Using Sociological Discussions on Pelvic Pain to Help Solve Real World Problems
January 2020 | Edited January 2020
Here I am with Abigail, host of Well, That's a Problem podcast, taking a break from the Sociologists for Women in Society conference that was held in Albuquerque, NM in 2017.
For my dissertation, I am studying provider-patient interactions and medical decision-making in pelvic pain patient care. When I began conducting my research, I wanted to make sure that the everyday significance of my research was not lost in "sociological complexity." I have used multiple methods to ensure my findings are accessible and relatable to the many women for whom pelvic pain is an everyday struggle and not simply a theoretical mechanism in a sociology article. For instance, I manage The Pelvic Pain Project Twitter handle (@PelvicPainPRJCT) where I share meaningful quotes from my interviews with pelvic pain patients.
My concern for conducting publicly accessible research is why I was excited that I was invited to join my friend and colleague, Abigail Nawrocki, on the Well, Thats a Problem Podcast. Abigail started her Podcast to discuss everyday issues from a social justice perspective, creating a perfect partnership as I conduct research about pelvic pain using social justice concepts such as intersectionality and institutionalized racism, sexism, and classism.
One sociological concept that comes up in the podcast episode is cultural health capital (CHC). This concept, coined by sociologist Janet Shim, describes a specialized form of cultural capital that is beneficial to patients in healthcare settings. Shim talks about CHC as a collection of patient characteristics that includes cognitive, behavioral, social, and cultural tools that allow patients to effectively communicate with healthcare providers. Anything from having "knowledge of medical topics and vocabulary," to having "the ability to communicate social privilege" can benefit patients with access to such tools in tremendous ways.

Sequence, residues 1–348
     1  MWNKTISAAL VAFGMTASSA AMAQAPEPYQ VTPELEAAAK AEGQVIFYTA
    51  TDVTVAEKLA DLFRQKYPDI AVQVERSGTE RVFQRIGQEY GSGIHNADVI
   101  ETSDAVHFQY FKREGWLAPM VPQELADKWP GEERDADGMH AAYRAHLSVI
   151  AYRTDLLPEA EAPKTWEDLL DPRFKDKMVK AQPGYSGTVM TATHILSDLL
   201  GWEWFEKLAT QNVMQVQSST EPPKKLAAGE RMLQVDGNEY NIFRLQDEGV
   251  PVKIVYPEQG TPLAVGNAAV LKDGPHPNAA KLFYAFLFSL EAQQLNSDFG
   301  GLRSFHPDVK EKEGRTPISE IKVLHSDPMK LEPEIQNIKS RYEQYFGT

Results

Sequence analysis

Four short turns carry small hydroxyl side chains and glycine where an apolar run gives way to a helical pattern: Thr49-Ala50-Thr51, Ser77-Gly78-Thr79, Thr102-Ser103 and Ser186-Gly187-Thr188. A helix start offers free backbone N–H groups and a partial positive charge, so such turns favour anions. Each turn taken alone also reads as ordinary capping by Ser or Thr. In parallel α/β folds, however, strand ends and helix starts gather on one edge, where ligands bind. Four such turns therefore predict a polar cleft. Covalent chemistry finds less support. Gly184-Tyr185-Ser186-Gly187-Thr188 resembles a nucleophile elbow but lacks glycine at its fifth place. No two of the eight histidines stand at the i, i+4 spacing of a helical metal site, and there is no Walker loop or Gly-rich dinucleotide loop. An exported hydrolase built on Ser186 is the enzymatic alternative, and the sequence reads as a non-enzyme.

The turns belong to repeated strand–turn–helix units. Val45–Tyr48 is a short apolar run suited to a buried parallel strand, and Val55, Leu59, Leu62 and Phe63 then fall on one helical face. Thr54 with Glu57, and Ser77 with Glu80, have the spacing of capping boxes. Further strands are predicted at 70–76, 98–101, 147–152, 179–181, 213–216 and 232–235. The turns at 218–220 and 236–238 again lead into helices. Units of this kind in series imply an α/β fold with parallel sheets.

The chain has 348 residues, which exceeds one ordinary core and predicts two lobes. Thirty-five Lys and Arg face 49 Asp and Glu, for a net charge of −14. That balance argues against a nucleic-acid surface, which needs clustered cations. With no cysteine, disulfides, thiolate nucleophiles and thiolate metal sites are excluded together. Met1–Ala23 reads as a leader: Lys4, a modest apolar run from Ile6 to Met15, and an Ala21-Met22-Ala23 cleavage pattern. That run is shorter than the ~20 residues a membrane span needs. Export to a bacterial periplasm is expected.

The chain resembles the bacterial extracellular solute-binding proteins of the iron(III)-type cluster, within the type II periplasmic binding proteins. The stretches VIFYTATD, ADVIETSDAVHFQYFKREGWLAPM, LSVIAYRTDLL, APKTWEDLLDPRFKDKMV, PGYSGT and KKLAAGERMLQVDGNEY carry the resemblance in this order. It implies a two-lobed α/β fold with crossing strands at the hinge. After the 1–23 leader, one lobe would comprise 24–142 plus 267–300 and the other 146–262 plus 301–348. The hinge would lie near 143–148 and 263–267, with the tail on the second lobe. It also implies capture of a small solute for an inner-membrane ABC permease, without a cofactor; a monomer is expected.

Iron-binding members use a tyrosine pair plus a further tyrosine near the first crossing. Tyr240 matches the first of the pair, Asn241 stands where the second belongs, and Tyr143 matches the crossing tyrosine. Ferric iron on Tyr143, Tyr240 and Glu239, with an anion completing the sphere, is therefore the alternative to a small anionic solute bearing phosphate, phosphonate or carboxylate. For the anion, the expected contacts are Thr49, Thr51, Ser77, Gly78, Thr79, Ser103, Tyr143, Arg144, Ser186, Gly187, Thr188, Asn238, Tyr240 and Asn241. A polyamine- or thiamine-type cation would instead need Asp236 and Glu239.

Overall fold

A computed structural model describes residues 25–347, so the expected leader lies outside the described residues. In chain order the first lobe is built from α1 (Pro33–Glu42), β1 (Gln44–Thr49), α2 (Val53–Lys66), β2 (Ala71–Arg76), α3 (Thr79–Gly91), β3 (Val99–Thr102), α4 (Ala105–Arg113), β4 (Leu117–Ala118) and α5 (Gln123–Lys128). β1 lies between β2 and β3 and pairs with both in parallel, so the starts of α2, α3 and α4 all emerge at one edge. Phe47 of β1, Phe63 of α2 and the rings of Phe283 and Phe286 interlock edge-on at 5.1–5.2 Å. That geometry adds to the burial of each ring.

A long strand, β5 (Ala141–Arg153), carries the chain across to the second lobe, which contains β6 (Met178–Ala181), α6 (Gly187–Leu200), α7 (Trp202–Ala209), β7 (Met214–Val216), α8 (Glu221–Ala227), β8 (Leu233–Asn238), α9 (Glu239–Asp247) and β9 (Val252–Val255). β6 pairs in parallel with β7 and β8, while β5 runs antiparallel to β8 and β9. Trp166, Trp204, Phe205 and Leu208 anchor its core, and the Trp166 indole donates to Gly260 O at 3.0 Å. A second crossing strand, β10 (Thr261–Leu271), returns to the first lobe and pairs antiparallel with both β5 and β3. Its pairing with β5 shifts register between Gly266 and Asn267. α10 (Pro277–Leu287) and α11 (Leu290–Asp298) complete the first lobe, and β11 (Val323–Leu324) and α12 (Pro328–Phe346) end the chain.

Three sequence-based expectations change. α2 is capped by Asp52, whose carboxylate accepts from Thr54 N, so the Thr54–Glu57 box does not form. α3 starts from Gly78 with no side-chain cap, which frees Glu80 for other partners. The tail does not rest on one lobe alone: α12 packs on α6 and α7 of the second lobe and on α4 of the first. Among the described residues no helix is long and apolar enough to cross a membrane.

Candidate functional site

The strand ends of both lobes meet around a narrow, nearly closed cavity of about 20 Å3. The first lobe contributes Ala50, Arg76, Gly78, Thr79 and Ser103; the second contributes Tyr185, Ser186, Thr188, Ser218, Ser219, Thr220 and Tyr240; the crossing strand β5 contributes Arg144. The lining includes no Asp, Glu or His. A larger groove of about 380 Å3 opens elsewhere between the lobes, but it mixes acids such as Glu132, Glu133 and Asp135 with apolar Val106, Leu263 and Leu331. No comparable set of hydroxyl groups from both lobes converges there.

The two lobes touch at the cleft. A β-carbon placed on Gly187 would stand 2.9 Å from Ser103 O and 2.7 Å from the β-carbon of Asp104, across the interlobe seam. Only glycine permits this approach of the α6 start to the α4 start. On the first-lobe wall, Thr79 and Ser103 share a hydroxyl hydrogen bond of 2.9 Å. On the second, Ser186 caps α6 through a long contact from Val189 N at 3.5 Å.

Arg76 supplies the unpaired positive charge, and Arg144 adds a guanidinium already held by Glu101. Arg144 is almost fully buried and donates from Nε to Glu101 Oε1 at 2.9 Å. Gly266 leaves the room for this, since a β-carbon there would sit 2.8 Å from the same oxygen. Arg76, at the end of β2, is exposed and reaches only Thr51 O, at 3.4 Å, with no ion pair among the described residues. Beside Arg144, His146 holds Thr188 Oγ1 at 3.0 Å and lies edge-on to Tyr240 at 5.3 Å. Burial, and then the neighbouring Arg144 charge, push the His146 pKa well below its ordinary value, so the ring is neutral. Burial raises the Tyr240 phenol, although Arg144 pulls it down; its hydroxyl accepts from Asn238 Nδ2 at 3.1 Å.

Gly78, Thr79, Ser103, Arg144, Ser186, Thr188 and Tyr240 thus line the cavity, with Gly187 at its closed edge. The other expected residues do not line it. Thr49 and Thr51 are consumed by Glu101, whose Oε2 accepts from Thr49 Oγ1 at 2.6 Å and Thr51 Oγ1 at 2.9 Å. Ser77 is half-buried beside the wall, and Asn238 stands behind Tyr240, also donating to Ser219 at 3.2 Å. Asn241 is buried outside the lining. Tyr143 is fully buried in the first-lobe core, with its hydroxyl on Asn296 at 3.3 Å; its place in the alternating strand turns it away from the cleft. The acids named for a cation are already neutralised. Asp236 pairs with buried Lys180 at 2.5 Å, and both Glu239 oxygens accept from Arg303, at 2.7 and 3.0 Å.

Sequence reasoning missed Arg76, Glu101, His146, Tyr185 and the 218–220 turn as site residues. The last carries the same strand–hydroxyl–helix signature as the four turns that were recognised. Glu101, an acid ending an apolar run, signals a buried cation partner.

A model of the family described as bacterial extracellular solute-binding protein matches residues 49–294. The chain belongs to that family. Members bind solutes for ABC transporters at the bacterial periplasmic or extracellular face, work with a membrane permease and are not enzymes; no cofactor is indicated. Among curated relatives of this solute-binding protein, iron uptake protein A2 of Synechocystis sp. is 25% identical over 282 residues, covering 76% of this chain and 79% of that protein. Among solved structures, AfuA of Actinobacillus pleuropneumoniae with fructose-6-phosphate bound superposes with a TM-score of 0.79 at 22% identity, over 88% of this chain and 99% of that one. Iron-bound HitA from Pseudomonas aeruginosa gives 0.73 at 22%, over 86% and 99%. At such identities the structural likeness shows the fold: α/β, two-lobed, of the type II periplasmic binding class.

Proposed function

It was a great experience to challenge myself to speak about my sociologically complex research in a publicly accessible way, and I will definitely be pursuing similar opportunities in the future as I continue my agenda. If you want to learn more about pelvic pain care, the social problems surrounding it, and the real world implications for providers and patients with pelvic pain, head to Spotify to check out the episode!
We'd love to hear about the ways in which you all publicly share your important sociologically research findings. If you've had experience doing so, let us know on Twitter, Facebook, Instagram, or LinkedIn so we can amplify your work.